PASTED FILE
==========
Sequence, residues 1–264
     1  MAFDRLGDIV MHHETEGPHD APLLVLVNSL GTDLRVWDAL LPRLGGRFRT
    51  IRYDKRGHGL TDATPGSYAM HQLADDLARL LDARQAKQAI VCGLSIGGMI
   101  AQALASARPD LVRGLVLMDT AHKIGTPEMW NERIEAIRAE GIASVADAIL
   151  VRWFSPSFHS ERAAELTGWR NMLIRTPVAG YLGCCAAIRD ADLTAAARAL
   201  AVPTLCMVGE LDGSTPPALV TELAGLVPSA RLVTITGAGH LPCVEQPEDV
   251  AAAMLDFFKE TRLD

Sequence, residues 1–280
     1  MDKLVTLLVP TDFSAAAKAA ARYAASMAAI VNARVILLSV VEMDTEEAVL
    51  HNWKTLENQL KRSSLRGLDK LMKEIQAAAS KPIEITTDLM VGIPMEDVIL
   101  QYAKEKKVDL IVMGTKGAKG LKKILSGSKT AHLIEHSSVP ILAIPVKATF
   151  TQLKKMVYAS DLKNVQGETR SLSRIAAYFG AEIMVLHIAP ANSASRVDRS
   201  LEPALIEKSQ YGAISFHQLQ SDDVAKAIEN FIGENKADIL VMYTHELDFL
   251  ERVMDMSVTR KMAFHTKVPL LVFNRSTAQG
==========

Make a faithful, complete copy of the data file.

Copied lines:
Sequence, residues 1–264
     1  MAFDRLGDIV MHHETEGPHD APLLVLVNSL GTDLRVWDAL LPRLGGRFRT
    51  IRYDKRGHGL TDATPGSYAM HQLADDLARL LDARQAKQAI VCGLSIGGMI
   101  AQALASARPD LVRGLVLMDT AHKIGTPEMW NERIEAIRAE GIASVADAIL
   151  VRWFSPSFHS ERAAELTGWR NMLIRTPVAG YLGCCAAIRD ADLTAAARAL
   201  AVPTLCMVGE LDGSTPPALV TELAGLVPSA RLVTITGAGH LPCVEQPEDV
   251  AAAMLDFFKE TRLD

Sequence, residues 1–280
     1  MDKLVTLLVP TDFSAAAKAA ARYAASMAAI VNARVILLSV VEMDTEEAVL
    51  HNWKTLENQL KRSSLRGLDK LMKEIQAAAS KPIEITTDLM VGIPMEDVIL
   101  QYAKEKKVDL IVMGTKGAKG LKKILSGSKT AHLIEHSSVP ILAIPVKATF
   151  TQLKKMVYAS DLKNVQGETR SLSRIAAYFG AEIMVLHIAP ANSASRVDRS
   201  LEPALIEKSQ YGAISFHQLQ SDDVAKAIEN FIGENKADIL VMYTHELDFL
   251  ERVMDMSVTR KMAFHTKVPL LVFNRSTAQG